If you choose to file the complaint, then I wish you the best of luck. The best advice I can give in these types of situations is to remove all emotion from your submission… perhaps sleep on it and submit it the next day to make sure it’s all about the facts.

John | AirlineReporter

I can’t help but feel like exploiting a mistake to get the cheap tickets kind of negates the person’s right to be upset when the airline takes action. Shame on those who were dishonest, and they deserve what they’re getting.

Good on AA for allowing the honest passengers to keep the fares, and I do dare to say they have been getting way better than they’ve ever been in the past 20 years.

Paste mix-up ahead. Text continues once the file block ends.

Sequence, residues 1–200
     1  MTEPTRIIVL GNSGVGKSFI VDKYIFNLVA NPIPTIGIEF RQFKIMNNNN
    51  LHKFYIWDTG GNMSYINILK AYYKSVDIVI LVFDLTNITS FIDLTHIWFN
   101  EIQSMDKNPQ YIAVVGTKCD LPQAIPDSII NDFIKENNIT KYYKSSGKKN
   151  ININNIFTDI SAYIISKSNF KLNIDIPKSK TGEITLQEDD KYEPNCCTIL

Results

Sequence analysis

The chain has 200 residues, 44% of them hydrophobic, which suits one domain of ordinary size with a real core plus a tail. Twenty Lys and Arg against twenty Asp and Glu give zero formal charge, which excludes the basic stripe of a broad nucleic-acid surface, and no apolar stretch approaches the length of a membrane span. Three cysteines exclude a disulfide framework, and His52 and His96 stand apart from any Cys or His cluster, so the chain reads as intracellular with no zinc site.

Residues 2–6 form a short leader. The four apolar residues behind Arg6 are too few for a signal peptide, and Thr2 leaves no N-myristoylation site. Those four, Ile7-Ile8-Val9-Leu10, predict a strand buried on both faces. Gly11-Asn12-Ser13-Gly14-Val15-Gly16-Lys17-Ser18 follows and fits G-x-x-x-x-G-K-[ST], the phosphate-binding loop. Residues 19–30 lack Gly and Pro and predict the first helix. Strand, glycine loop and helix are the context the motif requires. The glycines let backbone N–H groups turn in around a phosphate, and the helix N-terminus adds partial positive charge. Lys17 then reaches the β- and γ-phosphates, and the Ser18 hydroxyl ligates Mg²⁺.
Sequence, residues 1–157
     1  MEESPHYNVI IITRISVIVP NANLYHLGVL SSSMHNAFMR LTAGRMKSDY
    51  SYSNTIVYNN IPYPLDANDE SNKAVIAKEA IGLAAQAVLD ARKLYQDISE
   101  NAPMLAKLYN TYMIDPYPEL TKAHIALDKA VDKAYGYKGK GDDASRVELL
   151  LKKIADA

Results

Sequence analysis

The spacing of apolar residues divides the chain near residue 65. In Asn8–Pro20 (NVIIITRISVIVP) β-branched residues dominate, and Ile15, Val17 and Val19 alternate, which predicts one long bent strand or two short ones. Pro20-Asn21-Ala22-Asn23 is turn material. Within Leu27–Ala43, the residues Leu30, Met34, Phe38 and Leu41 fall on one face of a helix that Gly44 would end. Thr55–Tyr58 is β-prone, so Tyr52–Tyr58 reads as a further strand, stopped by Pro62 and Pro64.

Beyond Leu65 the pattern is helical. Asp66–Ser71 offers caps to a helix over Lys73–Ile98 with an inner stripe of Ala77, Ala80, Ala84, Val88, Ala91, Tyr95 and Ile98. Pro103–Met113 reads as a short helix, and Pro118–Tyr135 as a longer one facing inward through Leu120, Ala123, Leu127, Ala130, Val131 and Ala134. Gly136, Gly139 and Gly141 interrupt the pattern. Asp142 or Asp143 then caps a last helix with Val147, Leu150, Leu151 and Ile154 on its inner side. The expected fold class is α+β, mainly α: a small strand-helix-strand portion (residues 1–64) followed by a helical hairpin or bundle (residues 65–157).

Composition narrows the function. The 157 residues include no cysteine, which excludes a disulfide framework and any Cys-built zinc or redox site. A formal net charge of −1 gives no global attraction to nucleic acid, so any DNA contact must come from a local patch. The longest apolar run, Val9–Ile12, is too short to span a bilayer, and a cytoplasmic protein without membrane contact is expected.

@Miles – No doubt this is a divisive issue, and many readers probably feel the same as you do.

Where I see AA may have a problem, and the affected passengers have a leg to stand on, is HOW they communicated their intentions, and not being completely clear upfront in the very beginning about who would have their fares honored versus canceled.

Instead of managing expectations from the outset, they waited a week before drawing their line in the sand, while behaving and making statements that could be interpreted to mean they were honoring ALL fares. That just spells trouble from a PR perspective, in my opinion.

The $1 million question is, “Why didn’t they make this weekend’s statement last weekend?”

John | AirlineReporter